Background: The purpose of this study was to compare the quality of left internal thoracic arteries harvested by the conventional open approach versus minimally invasive videoscopic and robotic-assisted telesurgical techniques. Methods: One hundred and fifty consecutive patients with single vessel coronary artery disease were prospectively studied. The left internal thoracic artery was harvested using three different approaches, with 50 patients consecutively assigned to each group. The off-pump coronary artery bypass (OPCAB) group underwent median sternotomy with direct visualization. The automated endoscopic system for optimal positioning (AESOP) group employed the AESOP 3000 system (Computer Motion Inc, Goleta, CA) for robotic-assisted visualization with endoscopic manual left internal thoracic artery harvesting. The Zeus group used the Zeus robotic telesurgical system (Computer Motion Inc) and internal thoracic artery harvesting was performed remotely from a surgical console. Postanastomotic left internal thoracic artery flows and day one postoperative angiography were used to assess internal thoracic artery quality and patency. Results: Average left internal thoracic artery harvest times were 23 ± 2.5, 63.3 ± 20.3, and 66.1 ± 17.9 minutes in the OPCAB, AESOP, and Zeus groups, respectively (p < 0.001, OPCAB vs AESOP and Zeus). Intraoperative graft flows averaged 28.1 ± 11.9, 33.7 ± 19.3, and 36.9 ± 24.6 mL/minute, respectively in the OPCAB, AESOP, and Zeus groups (p = 0.317, OPCAB vs AESOP and Zeus). There was no significant angiographic difference in the patency rate of the harvested left internal thoracic arteries in the three groups (p = 0.685, overall). Conclusions: The left internal thoracic artery can be harvested safely and effectively using minimally invasive videoscopic and robotic-assisted telesurgical techniques. Although the less invasive approaches require specialized equipment and training as well as increased operative time, they offer the potential for less traumatic myocardial revascularization through smaller incisions and reduced postoperative morbidity.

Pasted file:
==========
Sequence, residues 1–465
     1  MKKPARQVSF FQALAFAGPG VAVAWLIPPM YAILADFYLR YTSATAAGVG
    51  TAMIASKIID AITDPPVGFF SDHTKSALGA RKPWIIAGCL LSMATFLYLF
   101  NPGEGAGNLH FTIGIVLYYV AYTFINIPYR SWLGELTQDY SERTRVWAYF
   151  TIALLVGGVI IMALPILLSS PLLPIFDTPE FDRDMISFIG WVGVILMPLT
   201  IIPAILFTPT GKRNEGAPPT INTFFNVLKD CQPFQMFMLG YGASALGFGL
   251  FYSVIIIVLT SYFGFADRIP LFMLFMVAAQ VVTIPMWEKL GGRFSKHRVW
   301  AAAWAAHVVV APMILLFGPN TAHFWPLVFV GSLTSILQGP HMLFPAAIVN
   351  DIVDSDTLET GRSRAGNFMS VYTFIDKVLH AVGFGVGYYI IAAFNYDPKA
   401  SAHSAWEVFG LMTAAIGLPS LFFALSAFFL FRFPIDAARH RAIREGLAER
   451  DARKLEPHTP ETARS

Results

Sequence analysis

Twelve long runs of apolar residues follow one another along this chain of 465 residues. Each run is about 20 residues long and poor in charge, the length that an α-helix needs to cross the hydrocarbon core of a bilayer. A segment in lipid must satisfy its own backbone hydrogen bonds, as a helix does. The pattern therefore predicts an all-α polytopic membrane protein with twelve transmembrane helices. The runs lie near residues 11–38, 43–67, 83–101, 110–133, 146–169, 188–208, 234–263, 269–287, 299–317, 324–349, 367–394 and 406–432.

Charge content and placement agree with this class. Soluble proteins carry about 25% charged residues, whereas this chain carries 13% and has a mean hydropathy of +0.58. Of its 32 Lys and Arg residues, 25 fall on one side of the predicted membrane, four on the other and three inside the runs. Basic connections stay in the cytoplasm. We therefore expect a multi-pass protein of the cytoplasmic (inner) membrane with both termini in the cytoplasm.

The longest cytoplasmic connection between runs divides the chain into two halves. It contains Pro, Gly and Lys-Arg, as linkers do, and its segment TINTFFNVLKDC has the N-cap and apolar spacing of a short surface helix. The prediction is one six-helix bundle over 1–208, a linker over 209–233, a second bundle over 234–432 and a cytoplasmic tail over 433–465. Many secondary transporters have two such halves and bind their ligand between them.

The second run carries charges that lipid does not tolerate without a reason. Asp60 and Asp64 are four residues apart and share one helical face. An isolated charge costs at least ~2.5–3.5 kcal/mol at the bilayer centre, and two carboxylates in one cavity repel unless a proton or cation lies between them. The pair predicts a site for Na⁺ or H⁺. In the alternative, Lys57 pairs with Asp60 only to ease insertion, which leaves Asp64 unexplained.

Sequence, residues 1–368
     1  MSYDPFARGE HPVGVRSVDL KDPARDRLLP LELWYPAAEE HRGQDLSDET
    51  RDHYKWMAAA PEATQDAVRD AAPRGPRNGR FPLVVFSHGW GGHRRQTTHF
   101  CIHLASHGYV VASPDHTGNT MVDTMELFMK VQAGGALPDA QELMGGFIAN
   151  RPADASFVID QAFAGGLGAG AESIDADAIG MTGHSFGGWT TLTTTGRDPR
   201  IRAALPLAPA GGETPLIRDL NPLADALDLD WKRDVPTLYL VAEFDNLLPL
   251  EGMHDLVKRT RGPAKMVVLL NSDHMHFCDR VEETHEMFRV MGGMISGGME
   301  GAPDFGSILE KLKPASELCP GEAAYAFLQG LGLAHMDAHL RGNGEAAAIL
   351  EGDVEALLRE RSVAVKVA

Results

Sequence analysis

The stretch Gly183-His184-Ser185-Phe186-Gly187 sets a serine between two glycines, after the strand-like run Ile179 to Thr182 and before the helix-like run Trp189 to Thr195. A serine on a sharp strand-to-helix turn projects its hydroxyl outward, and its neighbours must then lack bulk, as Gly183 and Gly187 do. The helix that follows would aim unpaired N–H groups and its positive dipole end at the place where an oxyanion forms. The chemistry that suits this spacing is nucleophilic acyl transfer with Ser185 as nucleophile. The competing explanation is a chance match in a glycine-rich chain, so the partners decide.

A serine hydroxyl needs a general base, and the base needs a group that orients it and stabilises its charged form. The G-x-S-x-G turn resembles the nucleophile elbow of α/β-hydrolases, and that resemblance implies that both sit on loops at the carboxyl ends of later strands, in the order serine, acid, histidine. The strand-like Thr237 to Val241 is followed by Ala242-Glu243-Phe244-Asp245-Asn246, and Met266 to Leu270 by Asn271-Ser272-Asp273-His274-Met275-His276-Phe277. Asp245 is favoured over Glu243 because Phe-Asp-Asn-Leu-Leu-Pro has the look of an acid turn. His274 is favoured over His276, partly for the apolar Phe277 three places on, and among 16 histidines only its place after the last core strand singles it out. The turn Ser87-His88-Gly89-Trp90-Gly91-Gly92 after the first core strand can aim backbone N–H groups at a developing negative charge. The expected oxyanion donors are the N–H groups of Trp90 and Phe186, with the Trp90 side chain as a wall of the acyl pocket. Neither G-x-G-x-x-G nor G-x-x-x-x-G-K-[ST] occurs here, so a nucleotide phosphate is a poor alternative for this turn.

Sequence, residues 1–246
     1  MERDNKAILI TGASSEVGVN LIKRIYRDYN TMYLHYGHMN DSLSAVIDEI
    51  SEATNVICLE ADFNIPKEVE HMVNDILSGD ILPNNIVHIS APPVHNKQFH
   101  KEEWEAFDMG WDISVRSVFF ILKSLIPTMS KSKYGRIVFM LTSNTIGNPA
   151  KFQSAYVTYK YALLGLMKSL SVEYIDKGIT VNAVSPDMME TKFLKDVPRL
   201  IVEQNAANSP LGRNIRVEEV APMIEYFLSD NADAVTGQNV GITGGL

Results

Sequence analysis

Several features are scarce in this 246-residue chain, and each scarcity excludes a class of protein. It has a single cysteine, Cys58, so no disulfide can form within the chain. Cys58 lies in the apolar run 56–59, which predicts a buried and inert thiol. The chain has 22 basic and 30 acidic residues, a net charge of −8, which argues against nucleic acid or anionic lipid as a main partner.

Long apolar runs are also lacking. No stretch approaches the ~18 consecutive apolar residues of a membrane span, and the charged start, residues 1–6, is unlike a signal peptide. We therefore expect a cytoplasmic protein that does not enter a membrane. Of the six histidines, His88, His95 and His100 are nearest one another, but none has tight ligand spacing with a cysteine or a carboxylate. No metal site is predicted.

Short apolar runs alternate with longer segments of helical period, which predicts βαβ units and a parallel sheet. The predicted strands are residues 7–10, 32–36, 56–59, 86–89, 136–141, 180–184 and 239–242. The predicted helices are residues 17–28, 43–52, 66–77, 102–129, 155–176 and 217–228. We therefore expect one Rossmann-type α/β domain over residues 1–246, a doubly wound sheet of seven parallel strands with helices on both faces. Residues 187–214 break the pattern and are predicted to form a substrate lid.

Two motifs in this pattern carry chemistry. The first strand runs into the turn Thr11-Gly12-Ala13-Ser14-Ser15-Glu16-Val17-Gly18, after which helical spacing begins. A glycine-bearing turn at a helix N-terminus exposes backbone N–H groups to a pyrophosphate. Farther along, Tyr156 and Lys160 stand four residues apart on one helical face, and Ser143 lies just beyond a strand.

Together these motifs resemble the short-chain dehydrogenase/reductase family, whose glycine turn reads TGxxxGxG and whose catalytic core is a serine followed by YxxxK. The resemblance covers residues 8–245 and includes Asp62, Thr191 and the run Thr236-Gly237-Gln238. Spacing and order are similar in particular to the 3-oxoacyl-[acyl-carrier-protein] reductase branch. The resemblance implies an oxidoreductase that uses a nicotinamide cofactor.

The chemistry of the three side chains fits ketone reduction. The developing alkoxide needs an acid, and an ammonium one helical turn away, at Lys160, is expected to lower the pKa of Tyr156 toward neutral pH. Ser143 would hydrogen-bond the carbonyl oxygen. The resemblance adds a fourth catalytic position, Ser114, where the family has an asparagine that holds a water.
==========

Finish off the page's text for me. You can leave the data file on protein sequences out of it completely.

ASJC Scopus subject areas
- Cardiology and Cardiovascular Medicine